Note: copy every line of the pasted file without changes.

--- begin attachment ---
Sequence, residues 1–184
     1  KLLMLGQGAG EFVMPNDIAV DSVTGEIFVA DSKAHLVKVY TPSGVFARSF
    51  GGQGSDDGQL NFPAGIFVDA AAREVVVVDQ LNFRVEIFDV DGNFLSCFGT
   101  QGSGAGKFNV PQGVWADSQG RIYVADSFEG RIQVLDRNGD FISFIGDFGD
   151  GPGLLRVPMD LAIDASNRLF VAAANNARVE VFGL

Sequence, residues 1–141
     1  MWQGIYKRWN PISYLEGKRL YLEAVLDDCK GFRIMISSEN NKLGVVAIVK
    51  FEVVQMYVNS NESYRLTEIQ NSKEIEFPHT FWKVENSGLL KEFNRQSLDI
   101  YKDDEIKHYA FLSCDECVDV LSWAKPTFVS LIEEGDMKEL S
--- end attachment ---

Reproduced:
Sequence, residues 1–184
     1  KLLMLGQGAG EFVMPNDIAV DSVTGEIFVA DSKAHLVKVY TPSGVFARSF
    51  GGQGSDDGQL NFPAGIFVDA AAREVVVVDQ LNFRVEIFDV DGNFLSCFGT
   101  QGSGAGKFNV PQGVWADSQG RIYVADSFEG RIQVLDRNGD FISFIGDFGD
   151  GPGLLRVPMD LAIDASNRLF VAAANNARVE VFGL

Sequence, residues 1–141
     1  MWQGIYKRWN PISYLEGKRL YLEAVLDDCK GFRIMISSEN NKLGVVAIVK
    51  FEVVQMYVNS NESYRLTEIQ NSKEIEFPHT FWKVENSGLL KEFNRQSLDI
   101  YKDDEIKHYA FLSCDECVDV LSWAKPTFVS LIEEGDMKEL S